Analysis - International media have turned a quizzical eye on last night's election - seemingly intrigued by the rise of 'Jacindamania' and the would be king or queen-maker, Winston Peters.
In the UK, The Guardian led with a photo of Labour's Jacinda Ardern, hands clasped, giving her post-election speech with the headline 'Hung parliament as Jacinda Ardern falls short'.
According to its account, the future of the new government "has been put in the hands of Winston Peters, a cantankerous, anti-immigration politician who prefers fishing to politics, after vote counting finished in the general election".
"[The] 72-year-old lawyer made a teasing statement to the media about his intentions before rushing to board the last ferry home on Saturday night," it said.
The Telegraph, in a piece headed 'New Zealand election stalemate leaves populist Winston Peters as kingmaker', featured a photo of Ms Ardern speaking at the Labour Party election party and noted she was a "former policy advisor to Tony Blair".
It describes the election as a "cliffhanger" and explained to its readers how New Zealand's MMP system works.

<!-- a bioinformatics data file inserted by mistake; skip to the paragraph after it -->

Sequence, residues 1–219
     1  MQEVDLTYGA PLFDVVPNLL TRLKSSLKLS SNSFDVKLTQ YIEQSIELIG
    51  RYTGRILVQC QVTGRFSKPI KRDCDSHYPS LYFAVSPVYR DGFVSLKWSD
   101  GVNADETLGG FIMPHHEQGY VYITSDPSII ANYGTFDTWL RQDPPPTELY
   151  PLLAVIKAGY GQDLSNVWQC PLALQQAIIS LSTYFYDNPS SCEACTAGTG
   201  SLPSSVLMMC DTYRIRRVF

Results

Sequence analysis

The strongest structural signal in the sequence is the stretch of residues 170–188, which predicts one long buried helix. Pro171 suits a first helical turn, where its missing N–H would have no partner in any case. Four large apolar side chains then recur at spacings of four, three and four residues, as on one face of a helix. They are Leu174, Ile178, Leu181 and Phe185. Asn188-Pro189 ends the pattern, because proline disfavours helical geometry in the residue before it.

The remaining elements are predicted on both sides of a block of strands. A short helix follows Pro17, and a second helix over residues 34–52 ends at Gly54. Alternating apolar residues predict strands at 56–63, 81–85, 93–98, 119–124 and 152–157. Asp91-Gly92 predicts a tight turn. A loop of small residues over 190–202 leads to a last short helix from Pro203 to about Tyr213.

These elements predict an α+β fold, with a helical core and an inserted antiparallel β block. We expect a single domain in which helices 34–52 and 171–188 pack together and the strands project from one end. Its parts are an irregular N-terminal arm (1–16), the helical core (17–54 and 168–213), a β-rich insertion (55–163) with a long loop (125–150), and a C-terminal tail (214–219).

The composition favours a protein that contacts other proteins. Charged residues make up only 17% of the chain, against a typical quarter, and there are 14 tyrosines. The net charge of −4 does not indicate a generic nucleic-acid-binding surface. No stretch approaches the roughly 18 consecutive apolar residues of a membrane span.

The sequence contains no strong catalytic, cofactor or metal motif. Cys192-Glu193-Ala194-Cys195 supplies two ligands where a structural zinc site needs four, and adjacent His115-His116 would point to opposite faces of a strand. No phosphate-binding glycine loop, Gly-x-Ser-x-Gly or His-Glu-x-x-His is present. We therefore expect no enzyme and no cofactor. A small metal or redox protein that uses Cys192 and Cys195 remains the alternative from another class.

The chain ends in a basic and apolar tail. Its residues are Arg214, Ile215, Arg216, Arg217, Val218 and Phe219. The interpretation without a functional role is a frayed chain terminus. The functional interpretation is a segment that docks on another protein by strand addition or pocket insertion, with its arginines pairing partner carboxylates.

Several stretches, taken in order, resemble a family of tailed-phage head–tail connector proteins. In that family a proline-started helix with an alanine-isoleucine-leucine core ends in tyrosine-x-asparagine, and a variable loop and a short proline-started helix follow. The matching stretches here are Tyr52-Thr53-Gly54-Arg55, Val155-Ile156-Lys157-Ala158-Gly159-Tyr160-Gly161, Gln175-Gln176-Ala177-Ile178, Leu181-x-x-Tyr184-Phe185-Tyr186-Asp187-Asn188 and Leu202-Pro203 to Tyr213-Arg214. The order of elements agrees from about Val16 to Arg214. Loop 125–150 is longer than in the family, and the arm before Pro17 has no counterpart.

It also featured a photo of Winston Peters, who it described as a "maverick populist" who had a core support of "elderly" who he appealed to with "attacks on Asian immigration and foreign investment".
Meanwhile, The New York Times also gave a nod to the New Zealand election, with a beaming picture of National leader Bill English surrounded by blue balloons after his election party speech.
The paper described the election as "tumultuous" but may have got ahead of itself when it described Mr English as delivering a "victory speech" however.
It said Ms Ardern, "enjoyed a wave of attention for her charisma, her youth (she is 37), and for condemning a television commentator's question about whether employers have a right to know whether a woman plans to become a parent".
And Al Jazeera also used a photo of Ms Ardern, which somehow resembled a glamour shot - Ms Ardern appearing to be pouting with her partner Clarke Gayford, smiling in the background.
It described her as "charismatic", saying she "almost single-handedly dragged Labour back into the race".
Meanwhile, closer to home,The Australian headlined its coverage with 'NZ Labour leader Ardern refuses to give in'.
"New Zealand's Labour leader Jacinda Ardern has vowed to keep fighting. But her party's immediate future is no longer in her hands," it wrote.
It also made mention of 'Jacindamania', saying the phenomenon's "full force" was on display at Auckland's Aotea Centre last night.